The opening scene hints at the conflict between Husk and his father, so I introduced the idea of Husk trying to explain his actions to his father in a letter as he was on the island. Andrew was for this idea and he executed it perfectly I think. As well as contributing tremendous, expressive art, his lettering gives Husk a whole other layer of characterisation.
You aren’t afraid of the horrors of war, and that is a huge part of the story, so how important was it for you to not soften the edges of this story?
DH: I think any story dealing with war that then shies away from the horror of it or glorifies violence in some way is missing the point. Some people find war gives them some kind of rush or purpose, and old men have exploited that notion since time began to send the young to die for a cause. The horrors of war are often hidden behind a lot of mythology and nationalism, so I think it’s important to bring them into the light.
How did you and Andrew come to work on this together? Is it your first collaboration?
DH: It’s our first collaboration. I’d seen Andrew’s work on Wolves of Summer, a great war comic that he’d done with writer Tony Keaton for Alterna. Whilst Wolves was mostly set during WW2 it had a setting and set of characters I hadn’t really seen before. Andrew’s art for it really captured my attention too. He has a great knack for selling a character’s emotion in a scene completely. The fervor, pain, and repulsion the characters go through seep off every page because of Andrew’s art.
Any time there’s a good war comic I usually shout about it online. Whilst yakking about it on Twitter I think Tony and/or Andrew tweeted back and we ended up chatting. When it came time to get an artist for Go Home, Andrew was a clear fit. I asked he accepted, and here we are!
Why choose to make it black and white?
DH: Firstly, I really love the way Andrew’s work looks in black and white. His linework and inks really pop on the page. Secondly, another influence was Askold Akishin’s comic, Snow, which plays with black and white in a really beautiful and effective way that left an impression. I also think that by putting the comic into black and white it gives the story a sense of distance, a kind of historical sheen that subconsciously suggests this is the past we’re seeing.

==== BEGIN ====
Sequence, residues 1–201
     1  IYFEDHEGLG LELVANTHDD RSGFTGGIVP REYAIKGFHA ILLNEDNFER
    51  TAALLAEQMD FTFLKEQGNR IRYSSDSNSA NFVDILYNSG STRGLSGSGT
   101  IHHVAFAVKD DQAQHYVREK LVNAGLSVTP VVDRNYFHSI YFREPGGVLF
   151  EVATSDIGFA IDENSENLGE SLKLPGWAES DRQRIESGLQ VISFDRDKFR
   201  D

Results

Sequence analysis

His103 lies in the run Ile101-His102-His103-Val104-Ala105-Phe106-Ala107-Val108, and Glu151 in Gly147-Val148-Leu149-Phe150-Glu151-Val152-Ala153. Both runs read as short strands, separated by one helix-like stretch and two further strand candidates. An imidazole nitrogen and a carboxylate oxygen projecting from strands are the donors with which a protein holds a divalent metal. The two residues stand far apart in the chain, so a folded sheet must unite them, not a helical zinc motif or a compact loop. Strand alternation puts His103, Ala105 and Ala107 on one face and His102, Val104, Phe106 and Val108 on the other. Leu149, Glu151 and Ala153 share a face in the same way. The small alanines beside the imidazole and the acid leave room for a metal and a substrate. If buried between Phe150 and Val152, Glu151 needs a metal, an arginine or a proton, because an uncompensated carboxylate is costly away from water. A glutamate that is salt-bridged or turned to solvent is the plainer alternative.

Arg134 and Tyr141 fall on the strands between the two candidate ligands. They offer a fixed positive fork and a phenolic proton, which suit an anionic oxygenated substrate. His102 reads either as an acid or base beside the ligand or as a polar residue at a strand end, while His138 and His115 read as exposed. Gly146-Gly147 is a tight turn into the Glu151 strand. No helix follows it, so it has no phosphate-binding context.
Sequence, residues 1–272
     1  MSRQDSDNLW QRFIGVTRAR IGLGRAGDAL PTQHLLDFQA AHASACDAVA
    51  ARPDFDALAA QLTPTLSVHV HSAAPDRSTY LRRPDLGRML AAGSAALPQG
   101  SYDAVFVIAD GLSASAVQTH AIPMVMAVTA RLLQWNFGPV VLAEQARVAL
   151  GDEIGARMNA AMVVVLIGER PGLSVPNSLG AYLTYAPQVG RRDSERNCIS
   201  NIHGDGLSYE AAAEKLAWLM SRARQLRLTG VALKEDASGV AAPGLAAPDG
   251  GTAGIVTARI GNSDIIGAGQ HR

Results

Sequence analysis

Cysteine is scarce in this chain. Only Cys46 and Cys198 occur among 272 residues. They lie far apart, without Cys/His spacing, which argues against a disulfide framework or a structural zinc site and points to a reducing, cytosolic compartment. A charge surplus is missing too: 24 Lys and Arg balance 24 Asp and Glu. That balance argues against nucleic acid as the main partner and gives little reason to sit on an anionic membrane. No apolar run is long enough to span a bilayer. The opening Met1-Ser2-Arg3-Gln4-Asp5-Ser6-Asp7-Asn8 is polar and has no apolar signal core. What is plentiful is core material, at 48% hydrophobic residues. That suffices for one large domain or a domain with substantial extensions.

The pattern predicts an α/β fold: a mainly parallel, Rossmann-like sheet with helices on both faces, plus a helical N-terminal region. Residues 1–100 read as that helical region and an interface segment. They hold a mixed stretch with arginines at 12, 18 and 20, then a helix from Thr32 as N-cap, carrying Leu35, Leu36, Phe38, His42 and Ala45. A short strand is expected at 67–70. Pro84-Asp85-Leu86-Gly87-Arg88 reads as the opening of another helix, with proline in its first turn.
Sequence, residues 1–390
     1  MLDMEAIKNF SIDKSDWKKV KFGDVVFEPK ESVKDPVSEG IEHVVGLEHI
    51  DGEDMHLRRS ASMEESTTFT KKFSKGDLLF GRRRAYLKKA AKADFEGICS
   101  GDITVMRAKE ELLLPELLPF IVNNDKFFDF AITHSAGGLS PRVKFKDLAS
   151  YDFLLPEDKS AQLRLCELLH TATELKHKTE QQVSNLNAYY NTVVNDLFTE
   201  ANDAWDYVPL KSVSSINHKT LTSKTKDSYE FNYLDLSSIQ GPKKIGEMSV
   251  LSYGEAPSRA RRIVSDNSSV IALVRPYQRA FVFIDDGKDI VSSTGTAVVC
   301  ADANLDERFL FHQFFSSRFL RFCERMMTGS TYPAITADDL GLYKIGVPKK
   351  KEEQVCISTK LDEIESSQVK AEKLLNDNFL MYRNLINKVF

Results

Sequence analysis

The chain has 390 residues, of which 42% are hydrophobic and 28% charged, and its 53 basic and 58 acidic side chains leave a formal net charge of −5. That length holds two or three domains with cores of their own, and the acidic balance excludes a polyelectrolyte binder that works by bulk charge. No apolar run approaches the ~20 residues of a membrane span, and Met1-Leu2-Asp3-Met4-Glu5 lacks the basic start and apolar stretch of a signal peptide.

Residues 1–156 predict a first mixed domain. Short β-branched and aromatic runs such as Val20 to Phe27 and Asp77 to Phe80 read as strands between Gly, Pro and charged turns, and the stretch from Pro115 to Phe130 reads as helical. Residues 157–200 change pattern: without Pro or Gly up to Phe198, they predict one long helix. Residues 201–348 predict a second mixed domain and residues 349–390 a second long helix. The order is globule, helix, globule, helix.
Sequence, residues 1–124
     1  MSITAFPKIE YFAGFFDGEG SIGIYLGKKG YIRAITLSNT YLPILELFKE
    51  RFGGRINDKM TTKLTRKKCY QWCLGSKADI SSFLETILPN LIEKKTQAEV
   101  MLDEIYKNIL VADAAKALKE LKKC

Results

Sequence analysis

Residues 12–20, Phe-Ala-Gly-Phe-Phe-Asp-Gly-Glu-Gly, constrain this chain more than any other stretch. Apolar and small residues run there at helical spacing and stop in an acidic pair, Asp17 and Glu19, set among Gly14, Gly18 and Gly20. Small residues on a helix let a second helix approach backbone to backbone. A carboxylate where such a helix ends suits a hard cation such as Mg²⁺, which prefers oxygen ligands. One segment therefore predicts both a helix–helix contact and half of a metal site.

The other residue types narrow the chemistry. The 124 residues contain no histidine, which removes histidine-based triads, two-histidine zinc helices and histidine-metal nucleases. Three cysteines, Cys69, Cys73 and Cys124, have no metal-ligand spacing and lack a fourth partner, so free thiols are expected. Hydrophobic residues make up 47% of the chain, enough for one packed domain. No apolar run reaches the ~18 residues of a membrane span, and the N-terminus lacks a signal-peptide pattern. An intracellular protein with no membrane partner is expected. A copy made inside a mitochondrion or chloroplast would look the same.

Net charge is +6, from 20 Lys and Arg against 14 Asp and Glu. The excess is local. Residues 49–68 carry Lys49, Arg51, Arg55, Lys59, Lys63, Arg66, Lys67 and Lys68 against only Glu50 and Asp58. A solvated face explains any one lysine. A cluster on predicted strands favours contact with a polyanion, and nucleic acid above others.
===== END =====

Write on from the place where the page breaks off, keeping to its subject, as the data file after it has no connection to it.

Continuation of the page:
And finally what other books are you two working on and where else can we see your work?
Andrew is currently working on another book with Tony Keaton. After Wolves of Summer I can’t wait to see what they come up with next. His work can be found [here](http://andrewherbstart.com/) and he’s on Twitter at @and_droid_.
I’m currently getting art on another war book (surprise) called Disconnect with artist Gav Heryng. This focuses on drone warfare, PTSD and Rushkoff’s idea of ‘present shock’. I ended up interviewing and speaking with former drone pilot Brandon Bryant for background and research on that one so it’s something I can’t wait for people to see.
There’s also a good lineup of shorts I want to put out and then collect. Also Curriculum, the teen-focused, sci-fi comic I co-created with Ryan K Lindsay and Sami Kivela that has a whole bunch of other talented people involved should see the light of day sometime soon.
Author: Alex Thomas
Alex Thomas is the Editor and founder of PIpedream Comics. He grew up reading comics in the 90s, so even though he loves all things indie and small press, he is easily distracted by a hologram cover.